- Trademark– helps us in distinguishing between various innovators by their marks as one signature or mark can’t be repeated by other to protect the goodwill of the first innovator.
- Industrial design– it protects ornamental and aesthetic design of an invention like shape, surface, texture, lines, pattern, color etc.
- Geographical indications- Signs used on goods having specific geographical location, qualities, goodwill essentially attributable to that location.
However in this research paper we seek to restrict ourselves to ‘patent’ as a form of intellectual property rights as the pharmaceutical industry producing vaccines and medicines belong to a scientific field.
Treaties and agreements related to Intellectual property rights (India as a signatory)
- Paris convention for protection of industrial property (1883)– any citizen of a signatory state can apply for the patent or trademark in any other signatory state with same legal and enforcement rights as is available to the citizen of that signatory state thus no discrimination on basis of States to seek protection.
- Berne convention for protection of literary and artistic works (1886)– The Berne Convention deals with the protection of works and the rights of their authors. It contains common provisions determining the minimum protection to be granted, also enlisting some special provisions available to developing countries that are not that well of as compared to developed countries.
- TRIPs agreement (1995)-this agreementis the most comprehensive multilateral agreement on intellectual property rights which sets minimum standards for the protection of IP rights provided by the members states by requiring them to fulfill the substantive obligations of the main conventions of the WIPO, the Paris Convention for the Protection of Industrial Property (Paris Convention) and the Berne Convention for the Protection of Literary and Artistic Works (Berne Convention) must be complied with to ensure application of those conventions.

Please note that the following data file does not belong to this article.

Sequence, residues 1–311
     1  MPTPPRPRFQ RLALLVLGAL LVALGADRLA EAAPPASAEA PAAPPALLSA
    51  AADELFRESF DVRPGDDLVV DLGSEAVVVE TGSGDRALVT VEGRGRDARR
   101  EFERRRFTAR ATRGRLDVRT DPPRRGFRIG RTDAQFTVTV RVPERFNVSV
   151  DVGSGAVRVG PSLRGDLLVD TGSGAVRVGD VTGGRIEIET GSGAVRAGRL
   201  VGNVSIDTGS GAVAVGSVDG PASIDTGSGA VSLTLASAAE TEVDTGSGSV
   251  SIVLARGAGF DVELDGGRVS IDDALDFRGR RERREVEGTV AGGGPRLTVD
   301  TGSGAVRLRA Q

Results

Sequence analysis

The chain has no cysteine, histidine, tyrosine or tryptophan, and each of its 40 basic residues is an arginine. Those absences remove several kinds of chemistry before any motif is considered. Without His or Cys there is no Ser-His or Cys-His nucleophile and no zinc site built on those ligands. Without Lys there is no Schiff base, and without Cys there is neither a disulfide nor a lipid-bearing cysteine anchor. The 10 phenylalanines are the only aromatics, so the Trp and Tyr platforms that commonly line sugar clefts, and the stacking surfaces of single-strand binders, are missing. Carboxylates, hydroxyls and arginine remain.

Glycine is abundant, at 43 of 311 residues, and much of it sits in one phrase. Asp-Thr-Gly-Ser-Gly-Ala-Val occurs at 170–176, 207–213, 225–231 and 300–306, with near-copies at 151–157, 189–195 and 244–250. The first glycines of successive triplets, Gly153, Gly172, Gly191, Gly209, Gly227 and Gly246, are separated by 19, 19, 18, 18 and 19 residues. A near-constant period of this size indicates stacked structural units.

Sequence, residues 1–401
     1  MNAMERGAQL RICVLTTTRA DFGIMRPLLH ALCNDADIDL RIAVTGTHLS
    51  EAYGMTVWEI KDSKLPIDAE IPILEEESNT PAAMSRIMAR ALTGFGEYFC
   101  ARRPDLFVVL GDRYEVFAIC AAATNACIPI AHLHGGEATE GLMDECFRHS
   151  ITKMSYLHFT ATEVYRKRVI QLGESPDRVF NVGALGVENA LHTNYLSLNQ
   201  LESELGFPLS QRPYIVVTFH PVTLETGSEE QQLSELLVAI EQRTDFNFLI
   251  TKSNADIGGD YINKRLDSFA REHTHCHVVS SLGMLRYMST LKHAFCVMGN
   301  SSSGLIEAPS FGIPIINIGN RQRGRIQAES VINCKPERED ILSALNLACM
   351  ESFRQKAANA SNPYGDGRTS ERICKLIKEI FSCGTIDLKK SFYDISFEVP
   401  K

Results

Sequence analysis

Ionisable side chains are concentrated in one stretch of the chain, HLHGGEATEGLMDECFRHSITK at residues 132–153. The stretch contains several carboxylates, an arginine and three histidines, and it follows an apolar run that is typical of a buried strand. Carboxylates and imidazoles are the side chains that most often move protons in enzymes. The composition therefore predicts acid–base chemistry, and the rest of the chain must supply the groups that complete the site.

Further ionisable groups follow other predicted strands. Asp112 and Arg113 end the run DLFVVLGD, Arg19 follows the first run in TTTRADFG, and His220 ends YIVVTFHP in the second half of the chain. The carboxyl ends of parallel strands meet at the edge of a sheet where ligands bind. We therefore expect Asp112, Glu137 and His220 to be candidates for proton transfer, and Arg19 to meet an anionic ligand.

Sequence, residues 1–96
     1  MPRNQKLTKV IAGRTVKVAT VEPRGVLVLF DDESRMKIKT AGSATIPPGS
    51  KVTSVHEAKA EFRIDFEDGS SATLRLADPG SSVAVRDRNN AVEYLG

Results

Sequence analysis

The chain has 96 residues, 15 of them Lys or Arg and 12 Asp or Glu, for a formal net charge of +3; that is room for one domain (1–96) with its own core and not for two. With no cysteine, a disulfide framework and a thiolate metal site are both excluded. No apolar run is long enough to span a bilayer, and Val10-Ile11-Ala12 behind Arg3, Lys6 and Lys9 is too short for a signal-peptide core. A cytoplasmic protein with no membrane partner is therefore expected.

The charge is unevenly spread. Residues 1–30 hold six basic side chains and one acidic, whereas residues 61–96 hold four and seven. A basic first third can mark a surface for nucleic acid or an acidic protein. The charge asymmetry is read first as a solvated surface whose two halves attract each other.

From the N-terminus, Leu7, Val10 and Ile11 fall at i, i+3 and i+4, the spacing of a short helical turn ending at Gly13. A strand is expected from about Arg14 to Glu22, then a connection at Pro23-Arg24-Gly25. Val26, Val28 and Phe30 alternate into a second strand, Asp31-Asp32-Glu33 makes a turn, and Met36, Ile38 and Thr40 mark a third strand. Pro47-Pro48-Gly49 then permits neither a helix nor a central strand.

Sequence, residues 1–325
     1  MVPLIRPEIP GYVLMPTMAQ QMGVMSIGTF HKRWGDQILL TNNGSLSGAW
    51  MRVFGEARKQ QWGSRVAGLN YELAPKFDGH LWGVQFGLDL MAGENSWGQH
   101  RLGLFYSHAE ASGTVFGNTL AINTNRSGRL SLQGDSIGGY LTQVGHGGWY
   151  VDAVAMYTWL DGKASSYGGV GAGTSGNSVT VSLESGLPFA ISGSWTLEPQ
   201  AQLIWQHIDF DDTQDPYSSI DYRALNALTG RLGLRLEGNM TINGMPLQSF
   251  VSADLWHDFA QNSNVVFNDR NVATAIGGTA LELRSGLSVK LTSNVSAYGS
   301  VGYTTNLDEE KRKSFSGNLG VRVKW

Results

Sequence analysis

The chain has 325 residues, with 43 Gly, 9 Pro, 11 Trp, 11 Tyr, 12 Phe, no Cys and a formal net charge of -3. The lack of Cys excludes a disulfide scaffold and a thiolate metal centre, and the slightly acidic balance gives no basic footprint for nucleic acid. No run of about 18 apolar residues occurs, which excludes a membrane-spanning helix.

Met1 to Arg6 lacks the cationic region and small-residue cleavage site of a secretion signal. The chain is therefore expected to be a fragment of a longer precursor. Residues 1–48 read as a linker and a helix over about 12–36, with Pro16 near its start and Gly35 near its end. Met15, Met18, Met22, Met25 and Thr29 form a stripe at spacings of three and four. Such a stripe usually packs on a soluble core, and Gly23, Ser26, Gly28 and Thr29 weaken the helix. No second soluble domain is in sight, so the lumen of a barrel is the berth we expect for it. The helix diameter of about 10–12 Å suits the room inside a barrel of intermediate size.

- Madrid protocol- The Madrid System functions under the Madrid Agreement (1891) and the Madrid Protocol (1989) which functions under International Bureau of the World Intellectual Property Organization (WIPO) located in Geneva, Switzerland. The system allows the inventor to register trademarks in various and more than one jurisdictions worldwide provided that the countries are part of Madrid Union’s 85 member countries by filing an application in a trademark office.
- Patent cooperation treaty– The Patent Cooperation Treaty (PCT) aids the applicants in seeking patent protection internationally apart from their domestic market for their inventions as well as it helps patent offices with their patent granting decisions, and grants public the access to the technical information relating to those inventions on the choice of the inventor.